June 25, 2021

Poonam Bhandari – Life, me and my Jia

Poonam Bhandari, a PR and communications professional along with being a mum shares an incredible story with Mums and Stories.

This is a story of grit, determination and hope and life has given this wonderful daughter and mum rich experiences.

“They say life is sometimes stranger than fiction. It is, indeed, as I look at the lives of others and at some of my own life experiences…

Where do I begin from? It would have been an ordinary life, born into a business family, but for a few events that changed the course of my life forever…

I had read somewhere that a mother is the only one who carries you in her womb for 9 months, in her arms for 3 years and in her heart forever…but in my case my mother carried me in her arms for 10 years as I was diagnosed with bone TB when I was a mere 4 year old.

After being in and out of hospitals for 7 years, when I thought life was getting better, I lost my mother to small pox, a disease supposed to be eradicated in the world. My world seemed to have ended. I didn’t know where life was taking me.

The troubles and the sorrow did not end here. My father remarried and here I was, along with my 4 siblings, dealing with a step mother. When we thought life was settling into a routine, my father passed away of uncontrolled diabetes.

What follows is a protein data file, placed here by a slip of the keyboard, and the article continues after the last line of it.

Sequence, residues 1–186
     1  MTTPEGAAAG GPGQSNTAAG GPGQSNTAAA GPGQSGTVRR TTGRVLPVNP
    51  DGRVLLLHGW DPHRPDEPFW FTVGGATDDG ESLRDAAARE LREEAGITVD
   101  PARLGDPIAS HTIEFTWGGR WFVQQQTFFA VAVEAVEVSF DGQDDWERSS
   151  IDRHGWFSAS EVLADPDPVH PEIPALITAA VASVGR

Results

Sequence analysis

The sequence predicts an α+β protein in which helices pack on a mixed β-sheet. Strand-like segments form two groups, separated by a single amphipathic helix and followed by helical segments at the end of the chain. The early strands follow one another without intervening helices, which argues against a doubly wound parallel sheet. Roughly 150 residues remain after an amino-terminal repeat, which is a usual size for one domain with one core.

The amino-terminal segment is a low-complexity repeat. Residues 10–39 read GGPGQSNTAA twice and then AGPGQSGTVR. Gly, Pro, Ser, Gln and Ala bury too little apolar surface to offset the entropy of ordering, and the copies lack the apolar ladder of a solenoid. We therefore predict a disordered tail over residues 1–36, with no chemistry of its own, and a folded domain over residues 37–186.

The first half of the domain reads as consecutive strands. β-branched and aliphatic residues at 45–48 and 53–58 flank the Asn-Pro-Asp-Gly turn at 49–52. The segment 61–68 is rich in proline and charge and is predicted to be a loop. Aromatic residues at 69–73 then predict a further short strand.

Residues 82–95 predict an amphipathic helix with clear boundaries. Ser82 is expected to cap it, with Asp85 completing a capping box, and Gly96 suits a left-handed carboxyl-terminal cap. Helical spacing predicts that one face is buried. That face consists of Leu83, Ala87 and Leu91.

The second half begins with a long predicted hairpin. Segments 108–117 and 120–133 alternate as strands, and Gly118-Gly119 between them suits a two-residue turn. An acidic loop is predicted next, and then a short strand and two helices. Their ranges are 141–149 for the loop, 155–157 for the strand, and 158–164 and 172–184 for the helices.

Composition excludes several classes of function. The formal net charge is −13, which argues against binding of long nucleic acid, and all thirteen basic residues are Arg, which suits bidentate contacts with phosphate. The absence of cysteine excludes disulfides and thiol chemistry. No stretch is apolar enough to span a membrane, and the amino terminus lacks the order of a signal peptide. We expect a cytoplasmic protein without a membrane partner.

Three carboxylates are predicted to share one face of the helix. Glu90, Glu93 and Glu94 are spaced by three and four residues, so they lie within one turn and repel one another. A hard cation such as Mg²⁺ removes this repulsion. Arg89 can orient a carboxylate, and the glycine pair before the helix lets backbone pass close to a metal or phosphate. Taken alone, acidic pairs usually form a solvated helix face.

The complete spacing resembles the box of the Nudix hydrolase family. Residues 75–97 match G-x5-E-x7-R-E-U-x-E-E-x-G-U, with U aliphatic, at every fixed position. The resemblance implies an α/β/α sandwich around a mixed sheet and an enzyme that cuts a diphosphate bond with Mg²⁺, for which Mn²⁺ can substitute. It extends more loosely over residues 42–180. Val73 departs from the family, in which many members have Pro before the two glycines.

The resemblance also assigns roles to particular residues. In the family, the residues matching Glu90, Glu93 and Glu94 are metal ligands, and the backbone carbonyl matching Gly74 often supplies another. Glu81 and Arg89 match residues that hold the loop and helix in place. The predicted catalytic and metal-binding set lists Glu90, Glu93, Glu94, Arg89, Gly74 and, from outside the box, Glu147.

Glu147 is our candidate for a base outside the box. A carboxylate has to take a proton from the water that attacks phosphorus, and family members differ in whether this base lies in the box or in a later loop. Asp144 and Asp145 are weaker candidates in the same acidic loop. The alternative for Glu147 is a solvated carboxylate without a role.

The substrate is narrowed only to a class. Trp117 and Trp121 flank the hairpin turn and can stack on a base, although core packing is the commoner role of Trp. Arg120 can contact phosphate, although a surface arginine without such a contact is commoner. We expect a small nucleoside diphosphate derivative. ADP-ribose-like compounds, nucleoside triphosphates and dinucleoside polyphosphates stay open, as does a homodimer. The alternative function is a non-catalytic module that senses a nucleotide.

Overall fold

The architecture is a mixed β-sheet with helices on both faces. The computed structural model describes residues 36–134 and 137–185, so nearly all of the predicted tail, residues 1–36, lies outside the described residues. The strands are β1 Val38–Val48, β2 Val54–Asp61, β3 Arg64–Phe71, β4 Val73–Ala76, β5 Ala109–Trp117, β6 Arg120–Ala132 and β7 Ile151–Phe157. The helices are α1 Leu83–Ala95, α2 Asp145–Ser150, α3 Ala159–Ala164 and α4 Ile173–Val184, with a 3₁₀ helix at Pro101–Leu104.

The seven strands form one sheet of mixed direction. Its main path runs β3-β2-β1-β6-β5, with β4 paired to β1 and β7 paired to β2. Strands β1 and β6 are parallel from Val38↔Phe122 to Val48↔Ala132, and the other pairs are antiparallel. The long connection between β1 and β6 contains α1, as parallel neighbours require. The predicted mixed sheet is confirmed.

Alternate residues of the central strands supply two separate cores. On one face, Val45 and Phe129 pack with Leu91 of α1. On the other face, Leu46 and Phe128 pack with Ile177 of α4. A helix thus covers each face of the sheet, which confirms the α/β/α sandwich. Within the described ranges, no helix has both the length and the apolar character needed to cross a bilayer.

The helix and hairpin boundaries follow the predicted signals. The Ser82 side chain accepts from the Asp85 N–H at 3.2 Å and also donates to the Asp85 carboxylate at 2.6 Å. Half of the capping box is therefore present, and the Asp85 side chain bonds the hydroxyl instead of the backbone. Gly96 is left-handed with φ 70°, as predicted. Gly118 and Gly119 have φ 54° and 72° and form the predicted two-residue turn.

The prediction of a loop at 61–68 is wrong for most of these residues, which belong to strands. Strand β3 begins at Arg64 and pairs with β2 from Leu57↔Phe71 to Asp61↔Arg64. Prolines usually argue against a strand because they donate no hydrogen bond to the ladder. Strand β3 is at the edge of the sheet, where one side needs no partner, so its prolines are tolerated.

Here I was, once again thrown off gear by fate – not yet 16, both parents gone – with an older sibling, a sister on the threshold of marriage, and 3 younger siblings – all of us clueless and perplexed by what had happened. We did not know how we were going to face the road ahead of us – poverty and uncertain times that stared at us in the face.

But eventually, as life chugged along, I entered college, taking over the responsibility of running the family along with my younger brother, I met the man of my dreams… but again, the clichés of “far from a bed of roses” dogged my life.

After five years of courtship, I married him but without the consent of my family and his parents. My husband and I began life all by ourselves, without family support and very often, felt like orphans.

After about 2 years of struggle, things started looking up. Both our families accepted our relationship. By this time, the stress had taken its toll on my health – I discovered, to my dismay, I was suffering from diabetes and high BP.

Meanwhile, as the years passed and we surmounted our financial and emotional ups and downs, pressure was building from both our families to have a child. I was sick and tired of the taboos attached to it. I wanted a child too, but as it was not happening even after 10 years of married bliss, I decided to give up. Life was not going to be tied down to these notions, I decided.

But then, miracles happen and they have happened to me.

After 11 years, we were blessed with a daughter who was born premature. If I had to tell you, I had a high risk pregnancy, due to my diabetes, and my child was born at an unheard 6.5 months into my pregnancy and weighed a mere 550 grams! She was delivered against all odds and doctor warnings.